Though I’ve lived all my life in the city, my children have chosen, for the most part, to live in the country. And when I visit with them, as I did last week, I am reminded, not only of the pleasures of country life, but of the fact that nowadays, in the era of the internet and the cell phone, many of the advantages of city life are available to those who choose to live in the country too. Of course, there is more need for a car… and often there is more than one to a family. And one can’t just walk down the block to pick up groceries and household needs. The children often have to be taken to see friends and to participate in activities.

but just like in the city, the kids are connected to the computer…

But people live closer to nature; are freer in their relationships to pets and animals, and enjoy large gardens, and large homes too. Adults and children can bicycle around without the constant fear of traffic. And there is plenty of open space.

sculpture by the door

Many young couples have moved to a village in order to improve the quality of their lives, even though they continue to work in the city. And though it means losing some time, commuting to work, it seems that the advantages are still very attractive. In the last generation, we have seen quite an increase in ‘bedroom communities’ where people chose to live, even though they can’t hope to find work close to home.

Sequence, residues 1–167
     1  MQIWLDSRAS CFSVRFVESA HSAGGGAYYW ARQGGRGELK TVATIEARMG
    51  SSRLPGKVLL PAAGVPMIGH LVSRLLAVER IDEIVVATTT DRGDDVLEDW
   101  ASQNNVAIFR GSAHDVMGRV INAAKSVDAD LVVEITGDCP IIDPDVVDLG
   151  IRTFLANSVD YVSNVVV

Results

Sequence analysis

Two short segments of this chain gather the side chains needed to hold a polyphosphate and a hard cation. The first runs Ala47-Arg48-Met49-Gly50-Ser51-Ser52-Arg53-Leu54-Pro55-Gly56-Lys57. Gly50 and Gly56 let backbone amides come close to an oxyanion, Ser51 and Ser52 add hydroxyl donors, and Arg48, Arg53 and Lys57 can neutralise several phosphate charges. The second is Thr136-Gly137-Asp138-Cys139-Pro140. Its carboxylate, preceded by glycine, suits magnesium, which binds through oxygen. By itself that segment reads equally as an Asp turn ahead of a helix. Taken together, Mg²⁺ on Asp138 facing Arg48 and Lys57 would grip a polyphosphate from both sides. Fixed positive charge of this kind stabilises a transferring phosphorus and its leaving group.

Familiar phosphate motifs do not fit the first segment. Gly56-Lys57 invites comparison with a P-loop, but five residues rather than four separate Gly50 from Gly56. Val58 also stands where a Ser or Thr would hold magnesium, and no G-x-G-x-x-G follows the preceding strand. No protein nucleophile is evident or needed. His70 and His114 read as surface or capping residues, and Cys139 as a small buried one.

sculpture in the back yard

This time, the visit was of a personal nature. And as it turned out, I didn’t do any photography at all, But there are plenty of pictures from other times. The trip to Sileet was quite rainy, and there were heavy clouds overhead. But now, back in Jerusalem, we are waiting for snow. We’ve been told that this will be a white Sabbath, and the children here in the neighborhood are anticipating this ultimate winter weather with excitement.

what I like about living in the country